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Photo: David Ryder / Getty Images

The Federal Aviation Administration announced a new "zero tolerance policy" toward unruly airline passengers, who could face fines of up to $35,000 and imprisonment for interfering with crew members.

Why it matters: The crackdown comes after the agency saw a "disturbing increase in incidents" of passengers disrupting flights with "threatening or violent behavior" stemming from their refusal to wear masks and recent violence at the U.S. Capitol.

Between the lines: In the past, the FAA responded to unruly passenger incidents with a variety of methods ranging from warnings and counseling to civil penalties.

  • Under the new order, in effect through March 30, the FAA will pursue legal action with no warning for anyone who assaults, threatens, intimidates or interferes with a crew member.
  • United Airlines told ABC News it has banned 60 people for mask violations in the last week alone, which is higher than their previous week averages.
  • Two days after the Capitol riot, videos showed passengers on an American flight en route from D.C. to Phoenix chanting "USA" and "Fight For Trump," eventually causing the pilot to threaten to divert the plane to Kansas if passengers didn't "behave."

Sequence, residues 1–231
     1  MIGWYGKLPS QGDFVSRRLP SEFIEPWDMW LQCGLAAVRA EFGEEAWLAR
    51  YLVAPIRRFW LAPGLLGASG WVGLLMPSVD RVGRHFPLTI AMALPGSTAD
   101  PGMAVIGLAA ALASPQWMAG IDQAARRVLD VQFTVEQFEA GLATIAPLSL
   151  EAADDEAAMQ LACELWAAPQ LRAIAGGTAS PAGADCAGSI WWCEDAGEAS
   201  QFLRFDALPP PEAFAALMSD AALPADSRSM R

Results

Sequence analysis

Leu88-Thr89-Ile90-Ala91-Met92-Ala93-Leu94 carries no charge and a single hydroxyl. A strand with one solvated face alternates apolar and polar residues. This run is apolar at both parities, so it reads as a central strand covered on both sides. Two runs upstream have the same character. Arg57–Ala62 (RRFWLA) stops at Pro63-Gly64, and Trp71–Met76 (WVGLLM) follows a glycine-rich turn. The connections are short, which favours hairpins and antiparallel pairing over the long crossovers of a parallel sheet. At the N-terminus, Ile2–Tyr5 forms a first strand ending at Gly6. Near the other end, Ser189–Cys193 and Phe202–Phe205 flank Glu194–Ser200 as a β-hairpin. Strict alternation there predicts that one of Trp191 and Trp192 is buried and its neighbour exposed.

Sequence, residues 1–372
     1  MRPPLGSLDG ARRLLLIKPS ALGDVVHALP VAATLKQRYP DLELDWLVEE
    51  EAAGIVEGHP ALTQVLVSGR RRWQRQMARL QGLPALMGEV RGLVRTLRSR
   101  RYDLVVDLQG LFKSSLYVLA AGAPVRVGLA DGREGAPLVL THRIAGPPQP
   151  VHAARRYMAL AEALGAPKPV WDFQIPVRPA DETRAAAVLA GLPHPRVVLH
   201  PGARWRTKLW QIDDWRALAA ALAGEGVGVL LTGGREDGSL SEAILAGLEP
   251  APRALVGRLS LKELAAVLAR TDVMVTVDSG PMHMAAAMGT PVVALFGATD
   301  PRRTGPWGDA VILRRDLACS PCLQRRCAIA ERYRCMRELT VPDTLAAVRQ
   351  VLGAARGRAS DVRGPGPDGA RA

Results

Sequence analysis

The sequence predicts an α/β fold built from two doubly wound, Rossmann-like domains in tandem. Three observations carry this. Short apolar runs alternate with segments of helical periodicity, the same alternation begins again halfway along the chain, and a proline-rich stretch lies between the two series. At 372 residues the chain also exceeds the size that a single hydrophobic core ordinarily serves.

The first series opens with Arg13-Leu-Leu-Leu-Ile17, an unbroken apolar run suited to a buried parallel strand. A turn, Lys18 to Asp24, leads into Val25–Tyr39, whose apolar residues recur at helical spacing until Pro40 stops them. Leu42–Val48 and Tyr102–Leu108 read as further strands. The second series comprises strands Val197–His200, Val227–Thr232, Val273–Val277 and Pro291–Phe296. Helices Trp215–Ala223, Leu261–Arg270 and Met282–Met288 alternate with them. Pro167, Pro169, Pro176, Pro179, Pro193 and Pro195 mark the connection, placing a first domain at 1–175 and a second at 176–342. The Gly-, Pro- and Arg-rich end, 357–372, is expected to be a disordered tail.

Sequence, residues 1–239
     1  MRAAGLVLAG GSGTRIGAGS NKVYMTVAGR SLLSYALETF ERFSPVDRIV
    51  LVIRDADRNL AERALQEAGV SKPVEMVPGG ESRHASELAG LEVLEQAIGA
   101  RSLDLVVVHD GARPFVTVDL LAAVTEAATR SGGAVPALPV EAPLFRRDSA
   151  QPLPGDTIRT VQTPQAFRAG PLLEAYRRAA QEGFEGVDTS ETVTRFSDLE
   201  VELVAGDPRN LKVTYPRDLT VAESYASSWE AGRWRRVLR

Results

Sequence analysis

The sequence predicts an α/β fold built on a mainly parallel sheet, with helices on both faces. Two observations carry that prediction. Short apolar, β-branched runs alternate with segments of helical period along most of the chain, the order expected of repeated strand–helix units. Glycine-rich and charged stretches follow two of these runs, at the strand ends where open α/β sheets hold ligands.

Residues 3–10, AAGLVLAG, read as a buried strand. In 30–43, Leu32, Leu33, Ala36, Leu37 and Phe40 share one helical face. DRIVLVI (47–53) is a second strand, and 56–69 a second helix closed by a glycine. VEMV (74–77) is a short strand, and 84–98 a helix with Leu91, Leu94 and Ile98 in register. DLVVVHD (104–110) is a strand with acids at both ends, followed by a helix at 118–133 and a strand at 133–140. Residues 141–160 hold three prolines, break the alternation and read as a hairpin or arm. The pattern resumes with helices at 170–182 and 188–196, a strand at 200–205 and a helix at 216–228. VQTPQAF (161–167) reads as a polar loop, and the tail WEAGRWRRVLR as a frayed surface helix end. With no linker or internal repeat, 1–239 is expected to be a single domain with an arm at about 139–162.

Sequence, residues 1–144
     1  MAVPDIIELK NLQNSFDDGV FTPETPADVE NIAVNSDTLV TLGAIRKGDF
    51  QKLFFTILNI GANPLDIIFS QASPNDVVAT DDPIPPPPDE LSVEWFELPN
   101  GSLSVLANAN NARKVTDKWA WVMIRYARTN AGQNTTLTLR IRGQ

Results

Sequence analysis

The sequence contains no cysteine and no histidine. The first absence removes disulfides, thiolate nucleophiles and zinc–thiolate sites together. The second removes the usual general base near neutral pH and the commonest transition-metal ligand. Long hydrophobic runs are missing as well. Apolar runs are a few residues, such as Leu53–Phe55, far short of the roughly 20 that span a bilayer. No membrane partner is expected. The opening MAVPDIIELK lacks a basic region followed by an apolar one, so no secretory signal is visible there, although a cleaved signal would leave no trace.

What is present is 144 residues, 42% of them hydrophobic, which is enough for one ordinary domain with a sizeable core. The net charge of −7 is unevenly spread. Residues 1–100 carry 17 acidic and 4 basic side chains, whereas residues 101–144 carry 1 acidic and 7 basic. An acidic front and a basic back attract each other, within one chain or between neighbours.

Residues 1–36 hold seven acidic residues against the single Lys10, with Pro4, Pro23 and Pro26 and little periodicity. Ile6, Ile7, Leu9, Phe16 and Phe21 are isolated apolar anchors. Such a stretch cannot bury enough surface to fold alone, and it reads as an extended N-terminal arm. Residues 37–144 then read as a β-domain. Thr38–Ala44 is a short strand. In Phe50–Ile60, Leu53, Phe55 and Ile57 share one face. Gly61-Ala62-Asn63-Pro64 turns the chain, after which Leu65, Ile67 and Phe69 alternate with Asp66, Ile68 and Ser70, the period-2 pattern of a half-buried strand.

What they're saying: "First strike and you're out. We applaud FAA Administrator (Steve) Dickson for taking this clear stand for our safety and security," Sara Nelson, president of the Association of Flight Attendants-CWA, said in a statement.

Go deeper

Big Tech scrambles to prevent inauguration threats

Illustration: Sarah Grillo/Axios

Big Tech companies are scrambling to take action to prevent Inauguration Day violence, taking matters into their own hands after the government was caught ill-prepared for last week's Capitol siege.

What's happening: Major firms are taking a range of steps to stop their platforms from being used to plan, incite or carry out violent acts in Washington, D.C.

Tech digs in for long domestic terror fight

Illustration: Sarah Grillo/Axios

With domestic extremist networks scrambling to regroup online, experts fear the next attack could come from a radicalized individual — much harder than coordinated mass events for law enforcement and platforms to detect or deter.

The big picture: Companies like Facebook and Twitter stepped up enforcement and their conversations with law enforcement ahead of Inauguration Day. But they'll be tested as the threat rises that impatient lone-wolf attackers will lash out.

The pandemic could be worsening childhood obesity

Illustration: Aïda Amer/Axios

The 10-month long school closures and the coronavirus pandemic are expected to have a big impact on childhood obesity rates.

Why it matters: About one in five children are obese in the U.S. — an all-time high — with worsening obesity rates across income and racial and ethnic groups, data from the National Health and Nutrition Examination Survey show.